Cityscapes were the images that first really drew me to photography—those images with seemingly infinite detail. Zooming deeper and deeper reveals trees and cars and people down at street level. Surpassing the current limits in this respect will probably mean a new camera (or a real commitment to multi-shot panoramas.)
I’m aware that this picture technically contains three bridges, but it is nonetheless an image of the Two Bridges neighborhood just after sunrise. There are so many sunset pictures of New York; I think the dearth of morning shots is correlated with the sleep schedule of the average photographer.
The absolute enormity of Manhattan’s buildings is sometimes inaccurately portrayed by their steep, vertical faces. The great wings of Westfield World Trade Center leave little doubt in the mind. Look at those two tiny people at the bottom of the image.
Given the catastrophic cost of real estate at the southern end of Manhattan, a look at the use of rooftop space reveals a sharp contrast: roofs are either lush garden spaces or barren mechanical utility areas. I had expected to see more “in between” spaces among the penthouses—casually or informally used rooftops. I guess nothing spends more than a few hours on a New York rooftop without a reason to be there.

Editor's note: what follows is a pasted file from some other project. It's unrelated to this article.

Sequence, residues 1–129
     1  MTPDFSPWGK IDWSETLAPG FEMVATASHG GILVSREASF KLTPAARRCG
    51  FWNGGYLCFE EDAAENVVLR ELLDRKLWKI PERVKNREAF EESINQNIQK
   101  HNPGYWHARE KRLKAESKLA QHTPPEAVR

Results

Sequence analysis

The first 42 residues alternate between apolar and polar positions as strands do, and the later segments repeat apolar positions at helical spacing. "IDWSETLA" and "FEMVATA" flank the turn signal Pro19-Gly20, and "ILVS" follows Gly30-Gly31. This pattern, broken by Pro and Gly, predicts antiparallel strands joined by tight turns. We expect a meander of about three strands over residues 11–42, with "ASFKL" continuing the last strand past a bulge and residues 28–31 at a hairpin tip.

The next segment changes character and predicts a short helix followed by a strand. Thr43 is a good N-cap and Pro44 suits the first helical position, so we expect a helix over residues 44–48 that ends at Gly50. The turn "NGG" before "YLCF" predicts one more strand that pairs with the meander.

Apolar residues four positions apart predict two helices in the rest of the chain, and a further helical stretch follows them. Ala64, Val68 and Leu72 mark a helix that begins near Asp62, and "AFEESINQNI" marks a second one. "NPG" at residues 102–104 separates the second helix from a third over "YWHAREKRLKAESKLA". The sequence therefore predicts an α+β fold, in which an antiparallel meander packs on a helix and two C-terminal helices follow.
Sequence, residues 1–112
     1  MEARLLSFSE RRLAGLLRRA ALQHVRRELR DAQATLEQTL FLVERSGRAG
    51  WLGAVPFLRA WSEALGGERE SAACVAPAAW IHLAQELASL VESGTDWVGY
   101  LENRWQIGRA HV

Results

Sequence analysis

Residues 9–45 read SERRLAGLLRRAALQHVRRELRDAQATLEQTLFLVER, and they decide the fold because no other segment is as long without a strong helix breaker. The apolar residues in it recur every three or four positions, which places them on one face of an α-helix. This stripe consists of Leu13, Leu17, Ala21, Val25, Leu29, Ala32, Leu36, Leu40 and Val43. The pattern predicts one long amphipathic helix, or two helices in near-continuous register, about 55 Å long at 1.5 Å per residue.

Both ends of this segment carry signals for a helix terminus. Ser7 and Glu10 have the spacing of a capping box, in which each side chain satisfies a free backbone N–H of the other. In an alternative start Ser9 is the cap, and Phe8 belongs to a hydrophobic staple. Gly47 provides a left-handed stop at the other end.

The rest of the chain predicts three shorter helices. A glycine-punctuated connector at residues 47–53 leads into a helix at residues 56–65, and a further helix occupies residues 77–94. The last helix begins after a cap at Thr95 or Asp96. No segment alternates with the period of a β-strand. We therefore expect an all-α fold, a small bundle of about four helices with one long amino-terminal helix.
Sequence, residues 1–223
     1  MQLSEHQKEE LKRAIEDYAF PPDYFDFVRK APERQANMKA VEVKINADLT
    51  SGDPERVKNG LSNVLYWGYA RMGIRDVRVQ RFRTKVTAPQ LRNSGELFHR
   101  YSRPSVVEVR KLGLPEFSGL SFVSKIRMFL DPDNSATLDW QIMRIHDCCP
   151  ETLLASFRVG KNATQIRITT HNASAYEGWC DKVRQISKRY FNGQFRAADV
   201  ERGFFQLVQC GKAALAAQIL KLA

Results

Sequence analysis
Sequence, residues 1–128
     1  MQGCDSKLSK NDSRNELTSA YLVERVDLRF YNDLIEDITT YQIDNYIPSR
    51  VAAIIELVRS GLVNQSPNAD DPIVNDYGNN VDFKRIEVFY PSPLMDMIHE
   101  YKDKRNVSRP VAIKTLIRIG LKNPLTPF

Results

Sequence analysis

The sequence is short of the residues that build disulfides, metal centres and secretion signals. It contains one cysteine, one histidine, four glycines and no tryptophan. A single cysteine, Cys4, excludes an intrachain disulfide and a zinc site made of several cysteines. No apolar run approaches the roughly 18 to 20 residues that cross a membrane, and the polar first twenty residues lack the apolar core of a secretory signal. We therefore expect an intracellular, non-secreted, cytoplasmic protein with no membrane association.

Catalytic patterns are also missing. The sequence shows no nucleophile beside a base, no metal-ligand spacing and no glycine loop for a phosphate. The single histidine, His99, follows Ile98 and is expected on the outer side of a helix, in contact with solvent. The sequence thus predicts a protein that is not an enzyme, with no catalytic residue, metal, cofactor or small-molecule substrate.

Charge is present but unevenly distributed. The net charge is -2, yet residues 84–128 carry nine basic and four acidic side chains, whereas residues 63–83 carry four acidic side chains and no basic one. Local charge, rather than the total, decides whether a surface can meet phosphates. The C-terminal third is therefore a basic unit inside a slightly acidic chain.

Neighborhoods like Greenwich Village, Chelsea, and the Bowery are remarkably low-rise until they suddenly run into the wall that is Midtown Manhattan. The new pencil towers under construction may look out of place, but at least they don’t block the views of nature to the north.
Days are shortening and skies are hardening and winter is coming.
Liberty Island played such a huge role in the media I consumed as a child—the most iconic symbol of New York (far more recognizable to a child than e.g. the Empire State Building)—that seeing it from One World Observatory was surreal.